eating disorders

Various types of eating disorders have become quite common in the last several decades. We tend to think of eating disorders, particularly anorexia and bulimia, as belonging to the young. There is also a certain percentage of older adults and seniors who suffer from eating disorders.

An eating disorder is a range of psychological disorders. The major symptoms are abnormal or disturbed eating habits. They are not chosen and occur in both men and women, young and old, rich and poor. Eating disorders account for the highest mortality rate of all psychiatric illnesses, more than twelve times that of people without eating disorders.

Why do seniors develop eating disorders?

  • Many seniors have a difficult time adapting to the changes in their bodies as they age. They are trying to look more youthful. Seniors often feel if they lose weight and become slimmer, they will once again look young. Body image and dieting have been intertwined for many years. Most often occuring in women but now many men are also developing eating disorders.
  • As seniors age and retire, begin to lose loved ones, become ill themselves and lose some of their independence, it can trigger an eating disorder. Some of these may be related to depression, however, since senior’s diets change as they age, it is sometimes difficult to know if and when they develop an eating disorder.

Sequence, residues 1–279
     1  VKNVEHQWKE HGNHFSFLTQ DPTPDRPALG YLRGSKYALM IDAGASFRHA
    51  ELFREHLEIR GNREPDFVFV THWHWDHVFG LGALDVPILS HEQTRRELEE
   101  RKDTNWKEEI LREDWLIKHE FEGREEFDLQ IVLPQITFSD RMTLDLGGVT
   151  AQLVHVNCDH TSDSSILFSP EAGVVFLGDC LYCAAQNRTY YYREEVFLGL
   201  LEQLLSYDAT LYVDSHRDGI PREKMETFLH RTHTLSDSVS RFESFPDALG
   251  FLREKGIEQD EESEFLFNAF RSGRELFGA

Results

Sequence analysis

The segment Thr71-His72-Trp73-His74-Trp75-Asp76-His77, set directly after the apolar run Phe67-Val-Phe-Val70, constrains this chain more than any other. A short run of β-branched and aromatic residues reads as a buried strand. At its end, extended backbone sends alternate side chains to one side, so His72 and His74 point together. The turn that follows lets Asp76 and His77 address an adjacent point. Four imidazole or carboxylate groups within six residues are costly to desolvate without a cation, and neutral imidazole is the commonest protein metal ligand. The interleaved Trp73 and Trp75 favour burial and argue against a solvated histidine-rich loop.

Spotting an eating disorder in a senior may be difficult but several of the signs to look for are:

  • A change in eating habits, such as frequently skipping meals or making excuses not to eat.
  • Going to the bathroom right after each meal.
  • Vomiting frequently but denying it.

The most common eating disorders are anorexia nervosa, bulimia nervosa, binge-eating disorder and other types of eating disorders which don’t completely fall under the criteria of the first three. All are forms of mental illness and your loved one may not be aware that what they are doing is not normal. They also may not be able to stop without help. Speak with them and make an appointment with their healthcare provider to discuss the disease and get support. For more information on the risk of eating disorders and how you can help, click here.

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